It was wild. It was open. It was,
flat! Oh wait, there is a wide spot in the road ahead. Yep, we have landed the stage at Fargo, in the Dakota territory. Although
not officially a town in a not officially a state, it does boast the best newspaper around. Joseph ‘Papa’ Levine
owns and runs it with the help of Mary Jane, his granddaughter. He is getting up in age so he advertises in the big paper
Wearing a full
suit, with a gold watch, Jonathan arrives in the pressroom. Papa, as everyone calls him, is impressed with his looks, but
what does he know of running a paper? Watch the three of these folks put out papers in record times. Jonathan does know his
stuff, but he has a secret.
no ads for alcohol! That is a strong stand and has seen him kicked out of more than one town. How well does it fare in the
wilds of the Dakota Territory? Not far out of town is Lone Wolf, a tribal leader. Does this ban on alcohol bother him?
Smith has done it again. Dakota Printer describes the life and times of a family, a town, a time in our history, as no one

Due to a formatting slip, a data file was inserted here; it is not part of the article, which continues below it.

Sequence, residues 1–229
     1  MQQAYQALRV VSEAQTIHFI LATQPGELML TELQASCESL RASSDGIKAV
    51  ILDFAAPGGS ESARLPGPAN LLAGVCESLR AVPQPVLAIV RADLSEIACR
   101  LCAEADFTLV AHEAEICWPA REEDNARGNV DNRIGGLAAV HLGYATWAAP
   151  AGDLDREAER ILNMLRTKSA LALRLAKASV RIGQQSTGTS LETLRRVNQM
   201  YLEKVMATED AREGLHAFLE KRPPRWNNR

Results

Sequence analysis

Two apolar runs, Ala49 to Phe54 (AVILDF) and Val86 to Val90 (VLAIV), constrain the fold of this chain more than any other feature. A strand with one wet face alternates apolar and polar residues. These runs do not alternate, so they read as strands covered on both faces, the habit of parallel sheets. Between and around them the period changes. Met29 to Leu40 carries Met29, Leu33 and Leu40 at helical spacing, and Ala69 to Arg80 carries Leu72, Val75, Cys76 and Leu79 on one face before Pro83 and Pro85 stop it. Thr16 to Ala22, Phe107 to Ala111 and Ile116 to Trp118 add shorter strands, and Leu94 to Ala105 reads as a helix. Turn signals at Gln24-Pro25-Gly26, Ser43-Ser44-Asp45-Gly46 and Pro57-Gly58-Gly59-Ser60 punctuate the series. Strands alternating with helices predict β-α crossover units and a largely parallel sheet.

has ever done. This is a romantic western, but with the friendliest Indians you’ll ever meet. Finally someone has put
the American Indian in a favorable light. This is such a refreshing change. There is religion in this book. There has to be
because this country was founded on faith and it took a lot of that to survive the wide open plains of the American West.
me and follow along as Eric, the head of the First Church of Fargo, Beaula, the town gossip, Violet, the school marm, and
the family and friends of Papa Levine take Fargo from a wide spot on the stagecoach line, to Fargo, a town on the map of the
Dakota Territory. This is a western, so sit down by the campfire with a mess of buffalo wings, a pot of coffee and revel in
the life and times of Dakota Printer.